• psyk says:

      as long as they use lube you will bend over and take it.

  11. Rii says:

    It occurs to me that the Origin logo resembles a black hole. Or a hurricane.

    • ArcaneSaint says:

      And there’s a new hurricane headed for the US East Coast, Coincidence? I think not! EA has clearly built a device that lets them draw power from Angry Internet Men. The Origin EULA was designed to generate as much Angry Internet Manpower as possible. Then they used all this power to create one giant hurricane that sucks all data from the computers it passes over and transmit it to EA. After that the hurricane will kill and destroy everything to eliminate witnesses. Then they will sell that data to third parties and become RICH(er), and all the peoples on the internet will be drowned with advertisements and spam.
      And there is nothing we can do, for the more angry we are, the more powerful they become!

    • FakeAssName says:

      or an inflamed asshole, people sure seem to like inspecting their own swollen brown eye over this so I guess I can see the relevancy of EA choosing that shape and color.

      looks to me like a mill bit that’s sort of been disguised as a hurricane, which kinda fits on two levels:

      #1 is that the general function of a mill (AKA Milling Machine/vertical mill) is to cut and form a solid material, much like EA intends for Origin to cut into Steams market base.

      #2 not only is it to cut into Steam, but also into piracy. hurricanes mean storms and storms relate to torrents, and to dip shit corporations bit torrents are synonymous with piracy which Origin’s DRM function is supposed to combat.

    • Tams80 says:

      Unfortunately hurricanes spin anti/counterclockwise.

    • Rii says:

      Not down here they don’t. Course we don’t call them Hurricanes either… curses, hung by my own petard.

  12. djbriandamage says:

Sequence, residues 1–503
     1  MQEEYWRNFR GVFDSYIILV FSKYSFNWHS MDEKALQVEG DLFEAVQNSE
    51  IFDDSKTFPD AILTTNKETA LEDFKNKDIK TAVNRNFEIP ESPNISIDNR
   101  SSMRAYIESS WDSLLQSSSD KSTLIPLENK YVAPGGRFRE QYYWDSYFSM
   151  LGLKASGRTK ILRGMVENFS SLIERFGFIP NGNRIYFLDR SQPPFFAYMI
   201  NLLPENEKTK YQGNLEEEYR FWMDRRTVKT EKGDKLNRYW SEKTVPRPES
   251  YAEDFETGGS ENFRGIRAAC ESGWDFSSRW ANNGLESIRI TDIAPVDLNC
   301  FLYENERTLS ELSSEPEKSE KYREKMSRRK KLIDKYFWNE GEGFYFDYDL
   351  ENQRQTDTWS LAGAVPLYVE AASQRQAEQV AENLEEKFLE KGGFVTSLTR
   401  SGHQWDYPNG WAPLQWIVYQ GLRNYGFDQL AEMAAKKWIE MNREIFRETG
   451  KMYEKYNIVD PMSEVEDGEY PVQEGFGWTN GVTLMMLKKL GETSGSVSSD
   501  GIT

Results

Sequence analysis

Way to dodge the issue, EA. I don’t think people were so concerned about them handing the information to someone else, but that they themselves were collecting it.

  13. Nick says:

    “we appreciate your trust that we will do so carefully and sensibly”

    Uh, you don’t have that trust.

  14. Bayonetto says:

    Well thanks for the insults I received in the previous comments where I predicted this outcome.

    • Kadayi says:

      AIMs are anything but reasonable. You dared to disagree with them, you are therefore a corporate shill at the very least.

    • Unaco says:

      Yeah…. I’m an ‘apologist’ apparently. And I was just protecting the “poor giant corporations”. Wasn’t I Jim? No sir, I wasn’t just pointing out that the coverage of this has been sensationalist at best, and insulting and damaging at worst.

  15. Ham Solo says:

    God forbid peaple actually start reading those damn things. What ways to screw the customers will be left… say, 2 years from now?

  16. DarkByke says:

    Why do you guys care so much? So what if they have my name… I could care less. Who cares if they see I have Steam installed. So what!

  17. Billy the Squid says:

    My default position still remains skeptical.

    “Application usage (including but not limited to successful installation and/or removal), software, software usage and peripheral hardware.”